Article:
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Drink warning to IVF couples

21st October 2009

Fertility experts have warned couples trying to conceive a baby through IVF could harm their chances if they share the equivalent of a bottle of wine a week.

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A new study has suggested that if both partners drink six units a week - about half a bottle of wine each - their chance of a live birth is cut by a quarter.

Tony Rutherford of the British Fertility Society said: "This is further evidence to suggest that alcohol does have an impact and that those women who try for a baby should think about their lifestyle choices.”

He pointed out that as eggs and sperm take at least three months to develop, women should stop smoking, cut the amount they drink and lose weight to maximise their chances of conception.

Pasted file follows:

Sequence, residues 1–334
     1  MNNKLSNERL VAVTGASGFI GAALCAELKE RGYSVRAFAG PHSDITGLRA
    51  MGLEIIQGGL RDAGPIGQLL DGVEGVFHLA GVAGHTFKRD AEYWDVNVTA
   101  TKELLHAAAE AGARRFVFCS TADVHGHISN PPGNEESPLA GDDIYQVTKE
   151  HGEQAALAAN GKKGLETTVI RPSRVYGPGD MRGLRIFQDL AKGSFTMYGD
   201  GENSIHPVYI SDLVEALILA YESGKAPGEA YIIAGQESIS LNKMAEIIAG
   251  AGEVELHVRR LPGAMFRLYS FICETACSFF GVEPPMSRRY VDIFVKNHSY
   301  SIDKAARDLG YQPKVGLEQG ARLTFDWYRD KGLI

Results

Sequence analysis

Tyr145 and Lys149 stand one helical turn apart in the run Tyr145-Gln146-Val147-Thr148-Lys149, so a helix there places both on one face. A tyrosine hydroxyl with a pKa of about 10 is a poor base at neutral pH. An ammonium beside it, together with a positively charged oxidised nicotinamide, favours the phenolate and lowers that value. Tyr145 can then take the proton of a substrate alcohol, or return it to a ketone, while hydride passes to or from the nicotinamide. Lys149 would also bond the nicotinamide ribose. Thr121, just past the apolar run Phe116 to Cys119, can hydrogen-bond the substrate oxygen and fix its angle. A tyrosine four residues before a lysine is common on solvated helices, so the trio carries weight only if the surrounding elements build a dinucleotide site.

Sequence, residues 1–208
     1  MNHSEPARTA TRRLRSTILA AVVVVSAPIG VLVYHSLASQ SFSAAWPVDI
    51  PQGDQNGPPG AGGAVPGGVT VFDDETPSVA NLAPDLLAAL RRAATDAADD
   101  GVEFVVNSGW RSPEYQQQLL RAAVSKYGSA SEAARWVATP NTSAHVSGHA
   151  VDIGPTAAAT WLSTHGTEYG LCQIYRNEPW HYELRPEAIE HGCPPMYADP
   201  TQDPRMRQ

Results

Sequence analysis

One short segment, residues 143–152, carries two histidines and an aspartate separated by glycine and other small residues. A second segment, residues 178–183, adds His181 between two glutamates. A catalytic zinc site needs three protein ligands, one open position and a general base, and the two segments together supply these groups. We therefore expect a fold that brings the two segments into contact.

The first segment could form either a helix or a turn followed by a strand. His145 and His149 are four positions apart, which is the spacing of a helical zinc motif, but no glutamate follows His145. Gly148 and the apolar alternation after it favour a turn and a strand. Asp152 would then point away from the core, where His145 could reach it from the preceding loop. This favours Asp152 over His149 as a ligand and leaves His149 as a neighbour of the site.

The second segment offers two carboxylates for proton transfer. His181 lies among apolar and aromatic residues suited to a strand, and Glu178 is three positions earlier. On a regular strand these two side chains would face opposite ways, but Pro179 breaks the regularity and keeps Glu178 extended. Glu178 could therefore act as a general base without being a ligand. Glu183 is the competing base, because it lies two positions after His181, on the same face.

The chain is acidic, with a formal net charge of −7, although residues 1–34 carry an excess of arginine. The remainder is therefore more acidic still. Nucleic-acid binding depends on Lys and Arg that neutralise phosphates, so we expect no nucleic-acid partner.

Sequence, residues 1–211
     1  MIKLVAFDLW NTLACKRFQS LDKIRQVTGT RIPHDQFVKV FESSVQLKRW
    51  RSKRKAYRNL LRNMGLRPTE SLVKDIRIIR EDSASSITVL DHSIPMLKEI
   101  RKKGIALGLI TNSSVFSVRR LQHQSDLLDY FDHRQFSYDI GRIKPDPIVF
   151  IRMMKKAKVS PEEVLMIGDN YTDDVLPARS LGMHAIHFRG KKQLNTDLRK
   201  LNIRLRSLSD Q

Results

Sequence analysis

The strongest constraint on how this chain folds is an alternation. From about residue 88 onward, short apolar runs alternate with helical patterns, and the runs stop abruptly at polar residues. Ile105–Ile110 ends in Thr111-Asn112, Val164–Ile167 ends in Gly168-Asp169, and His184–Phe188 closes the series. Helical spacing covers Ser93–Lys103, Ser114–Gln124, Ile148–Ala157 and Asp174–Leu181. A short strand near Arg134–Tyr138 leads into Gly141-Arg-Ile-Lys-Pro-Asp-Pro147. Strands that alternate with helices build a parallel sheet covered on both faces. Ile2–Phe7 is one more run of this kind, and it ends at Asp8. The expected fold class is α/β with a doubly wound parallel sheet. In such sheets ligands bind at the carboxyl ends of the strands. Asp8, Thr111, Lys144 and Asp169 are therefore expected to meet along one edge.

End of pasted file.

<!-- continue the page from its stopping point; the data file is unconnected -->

The study at the Harvard Medical School in Boston, based on more than 2,500 couples in America, was presented at the American Society for Reproductive Medicine conference in Atlanta.

It showed that women who had between one and nine units of white wine a week were 24% less likely to have a live birth and had a 23% greater chance of failed implantation of the IVF embryo. Men who drank a beer daily contributed to a 30% lower chance of a live birth and a 38% greater chance of failed implantation.

Professor Ian Gilmore, president of the Royal College of Physicians and chairman of the Alcohol Health Alliance, said advice to stop drinking applied to both partners if they were having difficulty conceiving.

 

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